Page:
Paul Dzimano FAS Zimbabwe Party President
It is the day that reminds us that sacrifices were made, lives were lost and comforts were deferred. Chimurenga, one of our greatest ideas took great sacrifices of our sons and daughters, brothers and sisters yet we still lose lives due to the same reasons Chimurenga was staged.
We’re losing many battles in our lifetime countrymen and countrywomen. We have lost the battle for nationhood. Disunity defeated us. We’re losing the battle against poverty. Many die due to poverty, corruption is upon us and we’re not winning.
We’re still living our lives in fear. Just like before, Zimbabweans are not yet in control of the economy. Like before people live in fear of the same government that must make us safe and yet every year in forty years we celebrate independence day. Why did we stop fighting? What happened to Chimurenga?
What is independence to us fellow Zimbabweans? On 12 September 1890, the British Union Jack was hoisted at Salisbury marking the official politico economic colonialization of Zimbabwe.
On 18 April 1980, the Union Jack was taken down marking the official end of British colonialism. We celebrated that year, thinking that the sacrifices that had been made would undo the discrimination, the torture, the suffering, the impoverishment and the dehumanization of Zimbabweans. We were wrong! Who knew that 41 years later, things would be worse?
Who knew that amongst the ‘comrades’ some would personalize the feat of independence just to be on power at the expense of the dreams that had fashioned and coloured the desire for freedom! We were fooled. The so-called ‘comrades’ personalized the struggle and sought to personally benefit by deriving political authority over blacks, mimicking oppressive tendencies of the colonial regime to oppress blacks politically, socially and economically.
The leadership that’s making us celebrate independence every year is no different from the previous minority rulers. They derive pleasure from political power to collaborate with foreigners to discriminate, to disenfranchise, to dehumanize and to decimate citizens from political and economic participation.
The political and cosmetic independence that we celebrate today is a mockery of the sacrifices and desires that our scars testify about. We still bear the wounds of suffering under the weight of unfair global and local capitalism. Why are we not fighting this anymore?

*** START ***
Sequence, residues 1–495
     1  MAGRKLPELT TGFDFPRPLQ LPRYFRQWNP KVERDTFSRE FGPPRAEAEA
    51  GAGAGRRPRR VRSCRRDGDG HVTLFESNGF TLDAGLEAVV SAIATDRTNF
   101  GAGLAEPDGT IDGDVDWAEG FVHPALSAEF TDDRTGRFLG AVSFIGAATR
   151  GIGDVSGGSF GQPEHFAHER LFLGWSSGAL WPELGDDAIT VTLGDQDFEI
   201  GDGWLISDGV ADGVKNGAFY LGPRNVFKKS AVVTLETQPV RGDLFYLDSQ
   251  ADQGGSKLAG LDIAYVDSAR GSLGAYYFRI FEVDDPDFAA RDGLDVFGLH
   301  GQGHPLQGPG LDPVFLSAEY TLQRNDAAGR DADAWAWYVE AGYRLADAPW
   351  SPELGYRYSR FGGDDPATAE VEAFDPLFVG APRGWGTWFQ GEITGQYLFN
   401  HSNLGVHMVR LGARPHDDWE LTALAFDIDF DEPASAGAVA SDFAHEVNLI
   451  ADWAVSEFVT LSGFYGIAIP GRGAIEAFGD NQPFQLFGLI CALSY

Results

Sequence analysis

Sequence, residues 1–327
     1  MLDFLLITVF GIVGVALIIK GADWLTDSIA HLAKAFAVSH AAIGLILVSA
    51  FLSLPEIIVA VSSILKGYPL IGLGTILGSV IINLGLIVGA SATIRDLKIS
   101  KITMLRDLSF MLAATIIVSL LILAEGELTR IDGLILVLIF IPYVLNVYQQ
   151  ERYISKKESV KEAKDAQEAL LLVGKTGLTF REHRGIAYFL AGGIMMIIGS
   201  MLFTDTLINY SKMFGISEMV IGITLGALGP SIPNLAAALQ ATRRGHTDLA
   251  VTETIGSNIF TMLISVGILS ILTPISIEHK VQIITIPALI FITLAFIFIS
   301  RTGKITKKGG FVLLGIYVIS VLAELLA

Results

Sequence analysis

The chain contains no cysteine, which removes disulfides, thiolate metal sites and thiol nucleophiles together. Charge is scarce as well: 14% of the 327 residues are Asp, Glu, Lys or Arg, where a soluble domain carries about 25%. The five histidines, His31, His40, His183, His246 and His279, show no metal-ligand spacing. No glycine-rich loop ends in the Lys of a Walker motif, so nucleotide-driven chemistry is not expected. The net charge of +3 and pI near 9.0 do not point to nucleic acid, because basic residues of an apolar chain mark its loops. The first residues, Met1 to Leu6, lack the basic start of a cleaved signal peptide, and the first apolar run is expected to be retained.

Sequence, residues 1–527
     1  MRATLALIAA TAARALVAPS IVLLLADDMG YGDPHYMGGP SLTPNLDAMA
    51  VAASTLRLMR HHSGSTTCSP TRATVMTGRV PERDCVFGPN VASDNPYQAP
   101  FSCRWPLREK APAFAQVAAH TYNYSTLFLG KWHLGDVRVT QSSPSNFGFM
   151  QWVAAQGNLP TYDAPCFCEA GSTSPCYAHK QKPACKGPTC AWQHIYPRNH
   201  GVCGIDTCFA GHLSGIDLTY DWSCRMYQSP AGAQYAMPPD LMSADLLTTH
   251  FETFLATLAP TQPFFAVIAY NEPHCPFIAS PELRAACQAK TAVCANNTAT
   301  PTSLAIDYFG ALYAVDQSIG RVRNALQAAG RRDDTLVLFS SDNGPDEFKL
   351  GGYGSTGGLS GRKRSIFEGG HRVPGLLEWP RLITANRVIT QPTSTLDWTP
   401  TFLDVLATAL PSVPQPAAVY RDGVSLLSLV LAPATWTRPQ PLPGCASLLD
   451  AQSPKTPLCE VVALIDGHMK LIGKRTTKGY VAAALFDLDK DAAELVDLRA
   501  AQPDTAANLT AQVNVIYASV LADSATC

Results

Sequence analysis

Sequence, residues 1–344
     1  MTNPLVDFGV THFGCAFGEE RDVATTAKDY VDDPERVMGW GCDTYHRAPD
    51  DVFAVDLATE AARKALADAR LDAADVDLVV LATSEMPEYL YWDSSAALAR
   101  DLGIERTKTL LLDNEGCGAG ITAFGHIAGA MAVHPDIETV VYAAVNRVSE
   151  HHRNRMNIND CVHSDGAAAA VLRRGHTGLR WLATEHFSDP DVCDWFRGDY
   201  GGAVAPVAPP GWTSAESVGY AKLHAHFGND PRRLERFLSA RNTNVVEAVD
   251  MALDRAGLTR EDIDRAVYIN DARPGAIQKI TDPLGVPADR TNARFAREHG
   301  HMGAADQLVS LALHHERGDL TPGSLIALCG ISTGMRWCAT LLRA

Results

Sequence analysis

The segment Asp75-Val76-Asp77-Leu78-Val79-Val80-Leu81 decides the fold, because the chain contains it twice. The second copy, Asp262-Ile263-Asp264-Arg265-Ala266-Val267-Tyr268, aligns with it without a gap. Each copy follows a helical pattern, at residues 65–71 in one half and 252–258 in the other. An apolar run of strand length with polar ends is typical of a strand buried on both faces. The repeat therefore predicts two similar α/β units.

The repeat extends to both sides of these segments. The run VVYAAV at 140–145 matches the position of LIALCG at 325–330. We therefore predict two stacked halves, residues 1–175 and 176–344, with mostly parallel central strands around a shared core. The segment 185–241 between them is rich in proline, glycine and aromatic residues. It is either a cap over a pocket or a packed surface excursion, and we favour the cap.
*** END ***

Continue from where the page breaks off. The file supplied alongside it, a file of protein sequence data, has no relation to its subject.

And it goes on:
Today is the day we are reminded of the wounds that aren’t given a chance to heal. 41 years of so glorified independence failed to give us freedom. It didn’t give us peace. In four decades we failed to be truly united: we are still torn and wounded.
We treat each other with conjecture, suspicion and hatred. Fellow citizens, this is an opportunity to reflect on how we’ve traversed our journey of independence and ponder about the trajectory we need to take as a country. What I know is, we cannot continue in this great betrayal.
We still cry about countless injustices at the hands of neo-colonialists whom we import in the name of foreign direct investors. Our tears are still shed due to ill treatment by our leaders who hypocritically brag about being patriots. The youths need jobs, women need real empowerment, Zimbabweans need industries, roads, justice, democracy, health care and human rights. Workers need decent remuneration and our leaders must be accountable.
There are so many things we cry about yet after every celebration of independence our cries become louder. At 41 years, we’re tired of celebrating just political and flag independence. Not everyone is a politician and yet we all have to benefit from our independence in our own ways. For total independence we need to continue to fight.
This must be the independence celebrations where we realise that the political independence of 1980 was the not the end of the fight. It was the beginning. We were supposed to leverage on our political independence to bring about socio-economic transformation which would deliver true independence of this great African state.
Our hearts bleed as we are celebrating independence today, yet we know our neighbours in Mozambique are being butchered every day. It is these events that must show us that African independence means total unity of the African nation: From Egypt to South Africa.
The greatest African patriot Kwame Nkrumah once said, “OUR INDEPENDENCE IS MEANINGLESS UNLESS IT IS LINKED UP WITH THE TOTAL LIBERATION OF AFRICA.” In the same vein, it has to be categorically stated that the unfortunate events in Mozambique call upon Africa to wake up to the reality and gravity of our problems and raise one federal army.
We are also celebrating this day knowing that there are so many other enemies we need to face together united. The scourge, of COVID-19, HIV and AIDS, infant mortality, malaria and other threats to our health are real enemies we must face together as a united front.
One thing we should learn from independence celebrations is that, once we were united and that the same unity we had was responsible for the victory of 1980. FAS ZIMBABWE insists that unity is both a strategy and a solution and we are here to lead the fight for both national and African unity.
FAS ZIMBABWE PARTY PRESIDENT